Video Vault: Forgotten film deserves new look

Will Pfeifer

Late last year, when the critics were naming picks for the best of movies of 2007, something odd happened: A strange movie with an even stranger title, “Killer of Sheep” showed up on several lists, right up there with “There Will Be Blood” and “No Country for Old Men.”

But here’s the strangest thing of all — “Killer of Sheep” wasn’t made in 2007. It wasn’t even made in this century. Instead, this low-budget film was completed in 1973 and (barely) released in 1977.

Charles Burnett filmed it as his master’s thesis while at UCLA, and though it was seen by very few people during its initial release, its reputation grew over the years. Before Spike Lee helped launch the modern era of black filmmaking in the late 1980s, Burnett was creating a powerful, personal look at one family’s struggle.

It’s rough around the edges — heck, it’s rough all the way through — but that’s what makes it memorable. It feels more like a documentary than a fictional film, with tiny, seemingly meaningless moments adding up to paint a compelling picture of poverty in America.

“Killer of Sheep” focuses on a struggling father (Henry Gale Sanders) who spends his days at the slaughterhouse (where the movie gets its title) and his nights with his wife (Kaycee Moore) and their kids. There’s no plot to speak of. Instead, Burnett follows the family members as they work, play and try to get by. Sometimes it’s funny, sometimes it’s sad and sometimes, frankly, it’s dull. Just like real life.

Thankfully, after being restored and given a brief theatrical run last year, “Killer of Sheep” is now available on a DVD that puts its existence in context. Besides the movie and a cast reunion, the two-disc set also includes some of Burnett’s short films, two versions of his 1983 film “My Brother’s Wedding” and a commentary track from Burnett, where he shares the story of the making — and rediscovery — of “Killer of Sheep.”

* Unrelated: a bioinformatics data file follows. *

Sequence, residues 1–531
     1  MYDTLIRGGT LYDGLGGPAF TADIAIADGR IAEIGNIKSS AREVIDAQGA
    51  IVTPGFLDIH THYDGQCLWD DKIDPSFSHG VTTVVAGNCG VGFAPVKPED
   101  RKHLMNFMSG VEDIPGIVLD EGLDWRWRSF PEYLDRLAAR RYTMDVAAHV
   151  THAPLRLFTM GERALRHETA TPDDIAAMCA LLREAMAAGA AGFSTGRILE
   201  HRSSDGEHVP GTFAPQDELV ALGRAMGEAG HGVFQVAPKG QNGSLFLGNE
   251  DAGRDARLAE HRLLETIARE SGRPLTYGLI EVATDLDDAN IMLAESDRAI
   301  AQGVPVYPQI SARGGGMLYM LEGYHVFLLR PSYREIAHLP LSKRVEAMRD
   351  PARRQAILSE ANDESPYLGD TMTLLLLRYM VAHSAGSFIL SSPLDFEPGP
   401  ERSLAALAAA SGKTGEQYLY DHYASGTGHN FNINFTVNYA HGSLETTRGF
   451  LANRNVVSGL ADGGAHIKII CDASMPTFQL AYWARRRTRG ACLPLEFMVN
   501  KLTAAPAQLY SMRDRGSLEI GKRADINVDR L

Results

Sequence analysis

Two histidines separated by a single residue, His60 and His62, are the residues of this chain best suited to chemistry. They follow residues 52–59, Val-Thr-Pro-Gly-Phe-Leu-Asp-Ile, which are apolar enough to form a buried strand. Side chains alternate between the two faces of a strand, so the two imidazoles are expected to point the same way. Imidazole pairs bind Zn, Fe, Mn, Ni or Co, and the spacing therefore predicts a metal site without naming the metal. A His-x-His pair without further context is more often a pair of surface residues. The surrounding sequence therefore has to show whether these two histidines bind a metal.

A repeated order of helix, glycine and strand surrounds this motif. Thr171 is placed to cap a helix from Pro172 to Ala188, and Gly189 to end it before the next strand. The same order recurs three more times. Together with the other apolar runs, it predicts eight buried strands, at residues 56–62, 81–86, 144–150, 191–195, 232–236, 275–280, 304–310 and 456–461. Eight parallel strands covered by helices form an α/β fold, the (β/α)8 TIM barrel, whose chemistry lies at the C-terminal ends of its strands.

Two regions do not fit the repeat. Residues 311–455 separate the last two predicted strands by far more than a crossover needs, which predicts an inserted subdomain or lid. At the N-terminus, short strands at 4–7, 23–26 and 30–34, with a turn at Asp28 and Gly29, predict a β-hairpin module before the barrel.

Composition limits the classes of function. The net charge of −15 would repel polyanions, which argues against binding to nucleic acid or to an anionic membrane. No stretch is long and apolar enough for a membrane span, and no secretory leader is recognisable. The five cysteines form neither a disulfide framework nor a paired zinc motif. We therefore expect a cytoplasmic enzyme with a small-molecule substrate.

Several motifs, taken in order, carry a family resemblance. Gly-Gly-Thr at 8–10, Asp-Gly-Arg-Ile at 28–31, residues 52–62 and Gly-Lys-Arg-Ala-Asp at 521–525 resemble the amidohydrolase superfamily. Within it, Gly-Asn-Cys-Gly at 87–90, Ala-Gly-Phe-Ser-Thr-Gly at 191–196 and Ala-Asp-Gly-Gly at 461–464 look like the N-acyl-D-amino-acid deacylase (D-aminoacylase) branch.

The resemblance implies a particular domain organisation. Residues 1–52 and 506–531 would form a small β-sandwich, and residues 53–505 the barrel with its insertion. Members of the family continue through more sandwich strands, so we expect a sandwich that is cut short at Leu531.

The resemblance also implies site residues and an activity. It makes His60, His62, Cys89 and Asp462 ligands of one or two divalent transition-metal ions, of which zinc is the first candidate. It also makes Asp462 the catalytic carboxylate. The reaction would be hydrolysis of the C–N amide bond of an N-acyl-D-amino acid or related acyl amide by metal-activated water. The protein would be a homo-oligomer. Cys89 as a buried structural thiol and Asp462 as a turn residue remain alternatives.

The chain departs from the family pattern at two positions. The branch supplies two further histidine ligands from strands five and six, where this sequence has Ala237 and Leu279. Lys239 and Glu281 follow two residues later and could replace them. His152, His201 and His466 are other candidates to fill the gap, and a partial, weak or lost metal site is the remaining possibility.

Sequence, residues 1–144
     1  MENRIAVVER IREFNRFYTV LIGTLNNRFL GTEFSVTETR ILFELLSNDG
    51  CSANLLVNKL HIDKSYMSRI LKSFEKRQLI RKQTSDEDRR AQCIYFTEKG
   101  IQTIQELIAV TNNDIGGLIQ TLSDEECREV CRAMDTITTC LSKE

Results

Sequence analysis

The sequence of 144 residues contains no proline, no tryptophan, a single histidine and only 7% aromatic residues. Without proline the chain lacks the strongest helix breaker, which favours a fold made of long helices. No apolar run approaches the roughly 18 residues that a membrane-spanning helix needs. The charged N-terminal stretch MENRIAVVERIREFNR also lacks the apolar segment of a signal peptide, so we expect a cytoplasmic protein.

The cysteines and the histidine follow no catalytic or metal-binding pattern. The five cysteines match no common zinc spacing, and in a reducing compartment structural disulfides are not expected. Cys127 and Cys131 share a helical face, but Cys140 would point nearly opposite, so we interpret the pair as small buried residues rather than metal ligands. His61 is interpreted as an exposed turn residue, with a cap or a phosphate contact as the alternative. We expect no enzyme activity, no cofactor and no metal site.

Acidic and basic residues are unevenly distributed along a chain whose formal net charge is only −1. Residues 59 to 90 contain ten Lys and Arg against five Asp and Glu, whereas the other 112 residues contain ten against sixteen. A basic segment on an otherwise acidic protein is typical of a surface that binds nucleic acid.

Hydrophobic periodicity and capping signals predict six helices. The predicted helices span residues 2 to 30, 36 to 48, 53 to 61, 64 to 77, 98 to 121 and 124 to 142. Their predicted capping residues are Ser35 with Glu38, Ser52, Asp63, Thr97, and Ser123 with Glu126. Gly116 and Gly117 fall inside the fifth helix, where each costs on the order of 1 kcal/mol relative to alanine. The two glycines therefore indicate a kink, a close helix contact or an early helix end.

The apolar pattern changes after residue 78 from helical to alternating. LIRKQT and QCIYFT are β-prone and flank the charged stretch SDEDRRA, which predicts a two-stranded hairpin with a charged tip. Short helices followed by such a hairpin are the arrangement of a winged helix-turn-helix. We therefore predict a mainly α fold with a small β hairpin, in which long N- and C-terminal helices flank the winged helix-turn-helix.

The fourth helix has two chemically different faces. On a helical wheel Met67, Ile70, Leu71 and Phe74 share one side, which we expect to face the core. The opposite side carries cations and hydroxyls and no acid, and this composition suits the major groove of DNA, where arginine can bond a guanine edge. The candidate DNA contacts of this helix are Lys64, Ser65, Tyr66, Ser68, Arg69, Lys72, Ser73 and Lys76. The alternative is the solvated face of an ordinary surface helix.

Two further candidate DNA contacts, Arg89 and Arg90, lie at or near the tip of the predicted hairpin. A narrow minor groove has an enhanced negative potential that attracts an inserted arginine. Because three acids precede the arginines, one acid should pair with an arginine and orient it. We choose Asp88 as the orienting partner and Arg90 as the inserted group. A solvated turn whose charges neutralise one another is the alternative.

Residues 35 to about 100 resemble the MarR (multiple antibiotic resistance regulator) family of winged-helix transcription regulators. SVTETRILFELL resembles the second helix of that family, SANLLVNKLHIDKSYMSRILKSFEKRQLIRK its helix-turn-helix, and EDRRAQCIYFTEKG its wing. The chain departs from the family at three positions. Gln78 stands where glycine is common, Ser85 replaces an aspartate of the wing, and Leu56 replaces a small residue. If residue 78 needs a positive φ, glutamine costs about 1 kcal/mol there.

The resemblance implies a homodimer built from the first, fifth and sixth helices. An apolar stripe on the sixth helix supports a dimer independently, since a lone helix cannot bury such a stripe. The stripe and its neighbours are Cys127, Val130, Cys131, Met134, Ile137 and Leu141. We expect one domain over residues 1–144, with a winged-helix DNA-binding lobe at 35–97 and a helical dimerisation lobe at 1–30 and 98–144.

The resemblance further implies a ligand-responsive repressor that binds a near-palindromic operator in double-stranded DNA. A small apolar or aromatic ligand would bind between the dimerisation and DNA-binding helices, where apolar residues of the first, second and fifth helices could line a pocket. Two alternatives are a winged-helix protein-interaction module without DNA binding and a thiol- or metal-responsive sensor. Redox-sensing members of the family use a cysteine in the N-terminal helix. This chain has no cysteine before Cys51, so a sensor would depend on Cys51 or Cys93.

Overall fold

With Black History Month just a few days away, I can’t think of a more appropriate movie to watch. “Killer of Sheep” isn’t just a sample at black history, it’s a genuine piece of cinema history. For more information about the movie and Burnett, go to


“Sunshine,” the newest film from “Trainspotting” director Danny Boyle, is an imaginative slice of science fiction with breathtaking visuals and a compelling plot.

Too bad it stumbles so badly so close to the finish line.

The setup is simple and strong: In the future, a skeleton crew flies the spaceship Icarus II to the sun, planning to drop a colossal bomb into the dying star and reignite it.  The first Icarus was lost near the end of its (unfinished) mission, and no one knows what happened to the ship or its crew. Naturally, we find out near the end of “Sunshine,” and that’s where the movie loses its way.

While it’s frustrating to see such a visionary movie become another “Alien” ripoff, at least “Sunshine” redeems itself in its final moments. Where the movie excels is conveying the sheer majesty of the sun. If it looks this bright from 93 million miles away, imagine what it would look like up close. Sure, your eyes would sizzle in a split-second, but what would you see in that split second? “Sunshine” is at its best when it asks — and sort of answers — that provocative question.

Will Pfeifer writes about new DVDs on Tuesdays and older ones on Sundays. Contact him at or 815-987-1244.